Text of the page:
Jul
20
2015

As of June 29, 40 states have reported a total of 181 people who have been infected with strains of salmonella, according to the Centers for Disease Control and Prevention (CDC). The outbreak is from chicks, ducklings, and other live poultry.

As a result, on July 1, the CDC issued guidelines for backyard flock owners.

"We do not recommend snuggling or kissing the birds or touching them to your mouth," Megin Nichols, DVM, MPH, DACVPM, with the CDC told National Public Radio (NPR), "because that is certainly one way people become infected with salmonella." She also stated that birds don't belong in the house.

In other words, backyard birds are not like family dogs, no matter how much owners love them. And these days, it seems to be a lot.

“Backyard chickens are extremely popular right now,” Peter G. Fisher, DVM, Dipl. ABVP (Exotic Companion Mammal), and owner of AAHA-accredited Pet Care Veterinary Hospital, told NEWStat. “Lectures on this topic are at overflow capacity.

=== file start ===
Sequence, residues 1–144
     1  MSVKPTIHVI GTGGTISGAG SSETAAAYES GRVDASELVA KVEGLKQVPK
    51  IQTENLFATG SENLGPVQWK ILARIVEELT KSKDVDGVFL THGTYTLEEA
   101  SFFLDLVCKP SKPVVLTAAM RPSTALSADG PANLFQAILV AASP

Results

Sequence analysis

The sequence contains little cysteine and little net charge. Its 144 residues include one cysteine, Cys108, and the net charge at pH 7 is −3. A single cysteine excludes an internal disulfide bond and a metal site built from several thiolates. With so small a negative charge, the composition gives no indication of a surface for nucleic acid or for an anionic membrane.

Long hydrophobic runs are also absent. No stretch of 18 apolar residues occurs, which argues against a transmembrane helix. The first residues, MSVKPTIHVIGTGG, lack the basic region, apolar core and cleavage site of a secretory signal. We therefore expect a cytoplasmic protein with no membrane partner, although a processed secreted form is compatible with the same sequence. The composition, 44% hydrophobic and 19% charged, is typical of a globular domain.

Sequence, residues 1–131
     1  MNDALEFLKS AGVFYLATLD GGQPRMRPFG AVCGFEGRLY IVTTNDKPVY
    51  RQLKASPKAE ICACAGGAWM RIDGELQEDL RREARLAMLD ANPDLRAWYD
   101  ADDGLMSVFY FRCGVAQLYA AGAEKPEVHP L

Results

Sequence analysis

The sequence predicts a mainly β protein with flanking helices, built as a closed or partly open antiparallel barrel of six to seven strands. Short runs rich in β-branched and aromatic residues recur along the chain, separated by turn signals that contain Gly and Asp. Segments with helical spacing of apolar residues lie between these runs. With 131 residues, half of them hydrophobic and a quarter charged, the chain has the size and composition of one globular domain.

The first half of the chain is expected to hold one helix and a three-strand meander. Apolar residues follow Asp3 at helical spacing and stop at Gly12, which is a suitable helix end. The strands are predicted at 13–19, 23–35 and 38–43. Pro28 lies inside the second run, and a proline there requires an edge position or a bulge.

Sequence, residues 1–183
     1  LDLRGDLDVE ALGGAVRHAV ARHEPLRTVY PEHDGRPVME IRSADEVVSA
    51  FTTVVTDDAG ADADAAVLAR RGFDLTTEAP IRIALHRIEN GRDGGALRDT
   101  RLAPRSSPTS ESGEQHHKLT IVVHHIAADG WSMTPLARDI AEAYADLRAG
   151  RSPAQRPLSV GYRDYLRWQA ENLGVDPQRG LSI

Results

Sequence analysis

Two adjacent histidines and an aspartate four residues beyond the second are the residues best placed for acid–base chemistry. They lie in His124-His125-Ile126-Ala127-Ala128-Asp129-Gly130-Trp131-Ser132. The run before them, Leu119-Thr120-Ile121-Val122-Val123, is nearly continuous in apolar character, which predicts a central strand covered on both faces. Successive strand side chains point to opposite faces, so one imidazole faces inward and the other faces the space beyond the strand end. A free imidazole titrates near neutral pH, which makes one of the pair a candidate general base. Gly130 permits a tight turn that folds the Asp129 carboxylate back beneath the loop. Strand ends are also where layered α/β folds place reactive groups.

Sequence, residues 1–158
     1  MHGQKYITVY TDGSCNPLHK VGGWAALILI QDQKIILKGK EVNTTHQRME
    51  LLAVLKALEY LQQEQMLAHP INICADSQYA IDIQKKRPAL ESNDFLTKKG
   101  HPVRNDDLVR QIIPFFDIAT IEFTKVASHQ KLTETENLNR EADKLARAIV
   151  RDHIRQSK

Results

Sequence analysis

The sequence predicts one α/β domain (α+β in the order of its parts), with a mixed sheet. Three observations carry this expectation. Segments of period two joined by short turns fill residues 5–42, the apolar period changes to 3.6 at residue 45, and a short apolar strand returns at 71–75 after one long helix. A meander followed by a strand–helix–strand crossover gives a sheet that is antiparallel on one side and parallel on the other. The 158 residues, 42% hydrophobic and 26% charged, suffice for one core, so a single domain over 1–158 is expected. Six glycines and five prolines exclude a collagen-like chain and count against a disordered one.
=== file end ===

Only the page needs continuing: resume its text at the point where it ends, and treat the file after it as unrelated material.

“Clients are very fond of these pets and in many instances need to be educated on proper chicken husbandry, including the zoonotic potential of salmonella."

If your practice is considering treating backyard birds, there are some key things to consider, according to the American Veterinary Medical Association (AVMA). That includes understanding the legalities involved with such treatments, being aware of the credentials required, and educating yourself in avian/poultry medicine.

Fisher recommends Backyard Poultry Medicine and Surgery: A Guide for Veterinary Practitioners (John Wiley & Sons, Inc., 2015).

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